Skyman: Review

Skyman: Review

It has been reported that, as of 2018, 17% of Americans report a UFO sighting. While these mostly just stay as a statistic, Daniel Myrick went a step further and documented one particular man.

‘Skyman’ is a documentary written and directed by Daniel Myrick, and follows Carl Merryweather, a man who says he saw an alien when he was a child. Now, 30 years later, he wants to revisit the same spot he met the alien in, in hopes that they’ll reunite.

The documentary follows Carl through this journey, as well as featuring news footage of the alien sighting in question. The documentary then gives its audience another perspective of Carl via interviews from family and friends; he’s someone who had held onto this one memory all his life and, in doing so, isn’t living in the present. While the documentary is fascinating. It also paints a sad picture of Carl Merryweather because of these other interviews. 

Carl’s interviews are unbiased and do fantastically well at not painting him as the stereotype that is seen in alien invasion films; he’s a rational man who saw something extra-terrestrial when he was a kid. The news footage that is shown, reporting the same sighting as well as witness statements further imply that Carl may have actually seen what he said he saw. When recounting the UFO memory, it’s obvious that it affected Carl, and whether you believe it or not is irrelevant. Once something stays in someone’s mind, it’s there for their whole life; it isn’t something that can be forgotten. However, you can either act on old memories, or just keep them as memories and, for Carl, it’s the former. Ever since the sighting, he’s been doing research on other sightings, as well as preparing for his own re-sighting, if it ever happens. But the documentary stays unbiased and takes its time to let Carl tell his story.

It also gives audiences a glimpse into Carl’s childhood home life, revealing that his father was a Vietnam soldier who lived through, and prepared for, the Cold War in case things went wrong. In one interview, Carl even says that his father ‘always had a plan B in case things went wrong’. As we watch Carl take us on a tour of his bunker-like home that he lived in as a child, his own research and preparation skills become clear, in terms of how and when he picked those skills up; the phrase ‘like father, like son’ rings true here. However, interviews with his sister and friend reveal that he doesn’t keep in regular contact with the people he knows as family and has become distant and the documentary changes its tone seamlessly, whether intended to or not. Like previously mentioned, Carl is holding and relying on one childhood memory and forgetting about the present in the process.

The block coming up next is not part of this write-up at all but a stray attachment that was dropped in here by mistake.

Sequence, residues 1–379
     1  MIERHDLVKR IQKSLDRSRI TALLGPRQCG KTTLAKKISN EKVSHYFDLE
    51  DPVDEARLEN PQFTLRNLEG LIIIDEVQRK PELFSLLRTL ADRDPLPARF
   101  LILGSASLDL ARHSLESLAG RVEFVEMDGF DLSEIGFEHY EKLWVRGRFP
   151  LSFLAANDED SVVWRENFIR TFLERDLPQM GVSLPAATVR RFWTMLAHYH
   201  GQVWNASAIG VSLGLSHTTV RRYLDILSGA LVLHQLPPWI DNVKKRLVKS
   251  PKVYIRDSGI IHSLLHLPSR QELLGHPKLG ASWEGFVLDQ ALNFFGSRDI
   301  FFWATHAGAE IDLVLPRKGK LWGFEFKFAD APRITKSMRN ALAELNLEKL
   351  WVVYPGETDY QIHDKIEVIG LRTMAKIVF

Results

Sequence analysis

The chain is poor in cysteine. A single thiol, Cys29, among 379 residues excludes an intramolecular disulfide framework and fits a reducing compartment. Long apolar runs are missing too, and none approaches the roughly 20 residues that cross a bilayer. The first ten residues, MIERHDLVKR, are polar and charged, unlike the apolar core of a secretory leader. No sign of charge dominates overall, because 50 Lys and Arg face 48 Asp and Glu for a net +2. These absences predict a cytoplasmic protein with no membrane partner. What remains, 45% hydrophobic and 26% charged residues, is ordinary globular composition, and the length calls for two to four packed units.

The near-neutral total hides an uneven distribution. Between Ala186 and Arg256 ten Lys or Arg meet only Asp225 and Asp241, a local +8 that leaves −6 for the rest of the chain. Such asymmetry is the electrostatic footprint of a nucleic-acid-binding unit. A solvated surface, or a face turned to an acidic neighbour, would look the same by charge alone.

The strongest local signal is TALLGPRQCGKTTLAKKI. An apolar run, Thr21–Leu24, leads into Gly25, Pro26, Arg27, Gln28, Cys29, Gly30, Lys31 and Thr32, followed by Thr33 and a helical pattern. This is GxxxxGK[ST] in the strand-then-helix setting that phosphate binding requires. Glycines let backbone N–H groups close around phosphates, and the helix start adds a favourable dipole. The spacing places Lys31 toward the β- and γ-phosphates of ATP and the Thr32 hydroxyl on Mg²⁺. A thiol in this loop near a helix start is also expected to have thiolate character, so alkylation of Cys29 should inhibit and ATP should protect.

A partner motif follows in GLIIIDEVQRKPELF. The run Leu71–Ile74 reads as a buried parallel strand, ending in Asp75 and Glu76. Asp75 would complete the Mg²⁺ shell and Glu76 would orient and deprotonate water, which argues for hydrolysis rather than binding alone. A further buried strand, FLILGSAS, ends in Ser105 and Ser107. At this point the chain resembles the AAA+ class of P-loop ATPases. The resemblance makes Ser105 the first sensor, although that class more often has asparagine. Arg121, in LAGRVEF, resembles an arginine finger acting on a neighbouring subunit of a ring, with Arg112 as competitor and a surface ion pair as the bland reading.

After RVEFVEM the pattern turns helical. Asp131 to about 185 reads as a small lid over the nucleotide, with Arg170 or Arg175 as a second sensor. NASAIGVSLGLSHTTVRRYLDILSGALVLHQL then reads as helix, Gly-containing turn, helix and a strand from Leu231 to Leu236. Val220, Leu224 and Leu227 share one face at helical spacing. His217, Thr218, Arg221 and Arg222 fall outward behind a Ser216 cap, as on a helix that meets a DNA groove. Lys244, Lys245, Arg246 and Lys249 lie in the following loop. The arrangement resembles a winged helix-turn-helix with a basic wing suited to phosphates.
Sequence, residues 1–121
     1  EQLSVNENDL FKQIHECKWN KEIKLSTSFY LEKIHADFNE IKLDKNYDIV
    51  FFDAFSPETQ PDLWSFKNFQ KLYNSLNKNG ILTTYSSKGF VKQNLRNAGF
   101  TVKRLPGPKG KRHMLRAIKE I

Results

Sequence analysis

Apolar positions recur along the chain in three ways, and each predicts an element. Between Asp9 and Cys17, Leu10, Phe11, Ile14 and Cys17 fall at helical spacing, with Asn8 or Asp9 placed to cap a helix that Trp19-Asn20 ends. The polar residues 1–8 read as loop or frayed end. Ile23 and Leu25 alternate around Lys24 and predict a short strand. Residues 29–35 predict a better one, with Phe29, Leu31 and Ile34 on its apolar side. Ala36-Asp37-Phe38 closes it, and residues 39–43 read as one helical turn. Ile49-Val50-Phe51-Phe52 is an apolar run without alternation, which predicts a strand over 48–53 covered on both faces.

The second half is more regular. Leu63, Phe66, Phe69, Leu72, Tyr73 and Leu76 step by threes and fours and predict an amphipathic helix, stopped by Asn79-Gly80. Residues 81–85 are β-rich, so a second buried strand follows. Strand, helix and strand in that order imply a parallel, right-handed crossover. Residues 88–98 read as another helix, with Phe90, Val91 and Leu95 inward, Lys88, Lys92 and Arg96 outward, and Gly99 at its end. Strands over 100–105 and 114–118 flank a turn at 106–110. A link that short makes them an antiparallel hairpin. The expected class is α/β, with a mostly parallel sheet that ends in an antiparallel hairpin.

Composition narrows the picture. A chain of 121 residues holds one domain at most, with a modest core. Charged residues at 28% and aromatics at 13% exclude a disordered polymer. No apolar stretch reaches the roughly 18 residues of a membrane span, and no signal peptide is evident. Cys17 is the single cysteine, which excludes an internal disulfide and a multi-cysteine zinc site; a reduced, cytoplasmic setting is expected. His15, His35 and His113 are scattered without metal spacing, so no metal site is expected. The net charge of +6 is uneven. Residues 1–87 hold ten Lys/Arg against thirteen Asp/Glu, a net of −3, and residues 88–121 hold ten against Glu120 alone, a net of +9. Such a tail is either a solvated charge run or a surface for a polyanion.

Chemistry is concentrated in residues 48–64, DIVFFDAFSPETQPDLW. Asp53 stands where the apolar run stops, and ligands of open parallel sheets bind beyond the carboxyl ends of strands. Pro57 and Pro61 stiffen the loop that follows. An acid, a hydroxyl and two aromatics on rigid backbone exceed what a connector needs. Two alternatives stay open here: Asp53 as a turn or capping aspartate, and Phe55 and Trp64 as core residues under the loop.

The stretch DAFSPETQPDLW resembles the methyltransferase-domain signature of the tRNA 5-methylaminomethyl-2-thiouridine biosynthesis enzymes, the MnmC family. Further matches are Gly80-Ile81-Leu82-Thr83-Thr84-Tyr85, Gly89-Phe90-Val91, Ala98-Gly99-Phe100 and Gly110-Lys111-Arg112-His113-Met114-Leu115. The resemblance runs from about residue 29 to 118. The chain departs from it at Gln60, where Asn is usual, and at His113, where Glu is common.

If I were to critique anything, it’s that the documentary has a slightly unfocused start, and too many panning shots seemingly for no reason. The opening shot starts with a University professor explaining that sometimes we see something and, because we can’t identify it, our minds make up the rest of what we’re seeing. However, this is questioned later on in the film, when the film crew ask whether Carl has a back-up plan if no alien shows up. 

Overall, ‘Skyman’ was a fascinating watch into someone who had encountered a UFO sighting. It was also a sad glimpse into someone who hadn’t let go of the past and, in doing so, wasn’t living in the present. If anything, ‘Skyman’ serves as a message to people: don’t keep holding onto the past in the hopes that it’ll return, because you’ll miss what’s happening now. Life may be out there, but there’s also life here on Earth, and that is your family and friends.

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Megan’s taste in films are interesting: her favourite films are ‘Space Jam’, Studio Ghibli’s ‘The Cat Returns’, as well as horror films ‘Saw’, ‘Drag Me To Hell’ and ‘Ju-On: The Grudge’. When she’s not watching films, she’ll be spending precious hours playing ‘Crash Bandicoot’.


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